Borg vs. McEnroe

(Source: Teaser Trailer.com and Pinterest.)

This film just completed its run at my job and I wanted to unpack my thoughts about it. Not the quality of the film, which in fact was very good, but the process that went into making it.

The reason is, there are so many locations used, crowd scenes, costuming, historical accuracy respected, camera angles, stunt doubles, and shoot days.

Let’s start with locations. According to Wikipedia, this film was shot over at least 5 locations: Gothenburg, Sweden; Södertälje, Sweden; Prague, Czech Republic; London, United Kingdom; and the country of Monaco. The stadium used to mimic the Centre Court arena was in Prague and not the actual arena in Wimbledon* if you can believe that.

Crowd scenes. Oh boy do I know about quite a bit about this. Working crowd scenes, seems to be what I do mostly on my background shoots. Whether I’m at a party or a courtroom, chances are I, and a number of other background actors are being herded to set by Production Assistants. For this type of crowd scene though, they needed hundreds. With enough costuming to cheat the shot and make it look like thousands were in attendance. I could only imagine the casting notice for a shoot like this:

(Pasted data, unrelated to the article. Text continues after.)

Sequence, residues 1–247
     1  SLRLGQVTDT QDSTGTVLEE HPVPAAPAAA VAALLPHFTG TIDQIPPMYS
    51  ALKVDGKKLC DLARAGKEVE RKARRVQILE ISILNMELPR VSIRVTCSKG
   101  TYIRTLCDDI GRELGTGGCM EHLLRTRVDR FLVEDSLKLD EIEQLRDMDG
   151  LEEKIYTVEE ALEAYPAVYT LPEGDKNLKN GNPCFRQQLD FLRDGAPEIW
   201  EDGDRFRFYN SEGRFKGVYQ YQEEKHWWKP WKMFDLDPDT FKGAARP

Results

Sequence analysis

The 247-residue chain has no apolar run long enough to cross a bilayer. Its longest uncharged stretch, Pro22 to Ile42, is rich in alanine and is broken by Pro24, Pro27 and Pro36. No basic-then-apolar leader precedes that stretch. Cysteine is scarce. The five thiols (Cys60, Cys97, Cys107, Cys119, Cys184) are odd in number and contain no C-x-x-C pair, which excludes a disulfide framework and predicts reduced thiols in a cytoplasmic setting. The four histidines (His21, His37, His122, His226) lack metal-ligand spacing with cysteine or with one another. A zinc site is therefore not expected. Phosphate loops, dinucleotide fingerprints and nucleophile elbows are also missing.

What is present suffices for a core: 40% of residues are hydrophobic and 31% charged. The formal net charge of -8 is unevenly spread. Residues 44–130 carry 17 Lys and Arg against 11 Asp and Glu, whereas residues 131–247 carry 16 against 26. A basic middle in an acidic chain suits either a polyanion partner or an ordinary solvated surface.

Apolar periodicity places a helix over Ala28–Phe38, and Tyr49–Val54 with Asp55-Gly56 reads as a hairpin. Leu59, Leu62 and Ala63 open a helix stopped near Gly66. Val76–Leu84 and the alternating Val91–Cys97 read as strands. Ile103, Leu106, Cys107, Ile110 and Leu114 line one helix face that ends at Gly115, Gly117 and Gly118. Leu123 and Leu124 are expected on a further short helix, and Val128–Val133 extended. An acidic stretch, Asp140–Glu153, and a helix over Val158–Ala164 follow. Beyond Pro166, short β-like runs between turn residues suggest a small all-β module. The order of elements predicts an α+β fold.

Seeking Men and Women, ages 18-99 for early 1980s Upscale Spectators in an outdoor sporting event. Must have multiple Summer looks to choose from and period appropriate hairstyles.

I didn’t include a pay rate because I don’t know how much they paid their actors, but that would usually be a part of the casting call too.

Costuming for the late 1970s, early 80s would be a pain. Not only does the background have to be in time appropriate clothes, but the principals as well. Many of the actors, I could tell, grew out their hair to match the look of the era. Though some of them had wigs on that looked mighty questionable.**

The costuming wasn’t the only thing that had to be respected historically, but much of the play too! The stunt doubles that actually played tennis match are great at what they do, because it definitely looked like they matched key moments of play.

The camera work and later editing, is what made this film. I’m sure this was multiple shoot days as it usually takes about a 12 hour day to film 5 minutes worth of footage at different angles. Plus the days had to be sunny. This doesn’t include the hard work the lighting crew has to put in to assist with making the lighting look consistent throughout the entire tennis match.

By far one of the more impressive films I have seen composed on the independent circuit.

*I kept wanting to spell Wilmington, which is where I live lol.

**I have a different word other than “questionable”, but I’m trying to be polite.

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